Over-the-counter permits are available through the Force Support Squadron (FSS) at Farish Recreation Area, Outdoor Recreation, and the Peregrine Pines FamCamp, but we request you use the online system whenever possible. By using iSportsman our administrative costs are reduced and all of your permit fee can go toward fish stocking and other natural resources projects.
Discounted annual fishing permits are available for Purple Heart recipients and veterans with a 60% or higher Department of Veterans Affairs (VA) disability rating. To obtain the anual permit you must register for an iSportsman account (Step 1) and email VA or Purple Heart paperwork to email@example.com to validate your eligibility (Step 2). Once your eligibility is validated you will be able to access the annual permit on the Aquire Permits page. There is no discount for the one-day or second rod permits.
Mobility-impaired fishermen with a state-issued handicap vehicle license plate or placard can apply for a DBIDS badge that operates the Airfield's west gate (K1), which provides easier access to the Kettle Lakes. A "disabled veteran" license plate does not meet the Airfield's requirements for gate access. Call Natural Resources at (719) 333-3308 to complete the DBIDS paperwork, which is submitted by email to the South Gate Pass and Registration Center. Airfield DBIDS badges are valid for one-year and can only be renewed within 30 days of expiration.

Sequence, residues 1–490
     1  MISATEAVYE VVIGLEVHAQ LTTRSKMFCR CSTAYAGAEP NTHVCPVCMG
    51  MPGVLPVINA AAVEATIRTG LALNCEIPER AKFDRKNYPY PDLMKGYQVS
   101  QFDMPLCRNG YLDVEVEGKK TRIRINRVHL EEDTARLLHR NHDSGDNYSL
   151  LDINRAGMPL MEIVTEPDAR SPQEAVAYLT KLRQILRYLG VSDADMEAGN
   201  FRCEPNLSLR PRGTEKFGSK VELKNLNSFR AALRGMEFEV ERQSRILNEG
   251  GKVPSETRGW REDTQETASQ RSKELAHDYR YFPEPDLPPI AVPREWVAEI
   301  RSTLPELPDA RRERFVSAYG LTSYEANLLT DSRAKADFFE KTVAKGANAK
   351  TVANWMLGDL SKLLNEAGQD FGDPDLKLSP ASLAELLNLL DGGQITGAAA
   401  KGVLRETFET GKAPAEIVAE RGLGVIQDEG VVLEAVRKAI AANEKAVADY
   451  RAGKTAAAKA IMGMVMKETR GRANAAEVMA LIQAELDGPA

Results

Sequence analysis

Instructions on how to operate the airfield gate and a map of the access to the Kettle Lakes is available here.
The fishing regulations are published in USAFAI32-7001. Key regulations include:
Unwanted fish species, invasive aquatic organisms, and fish diseases can severely impact the quality of a lake or stream for fishing. Unfortunately, all of these problems have been introduced to the Academy's lakes by fishermen, fish hatcheries, and from upstream ponds. Nuisance fish such as goldfish, koi, European rudd, and crappie occur in most of the lakes. If caught, these fish should be disposed of in the available trash containers. Although the Academy stocks only whirling disease-free trout, the parasite that causes this disease does occur in the lakes. Most stocked trout are not in the lakes long enough to contract and display the symptoms of whirling disease. Infected fish are safe for human consumption with proper cooking.
Anchor worm, another fish parasite, is prevalent in the lakes. This disease is caused by an external parasite that penetrates the fish’s skin, often at the base of a fin. The head develops into an “anchor” that holds the parasite in place, then the female produces egg sacs that resemble small worms. The site of attachment usually develops into a bumpy sore which can cover the body of a severely infected fish. The cause of an anchor worm outbreak is unknown, but it is likely that a combination of environmental and biological factors, such as higher water temperature and fish density, help promote the parasite. There is no practical method for treating the fish or controlling the parasite. Although the fish can look unsightly, anchor worm does not pose a human health risk and infected fish are safe to consume with proper cooking.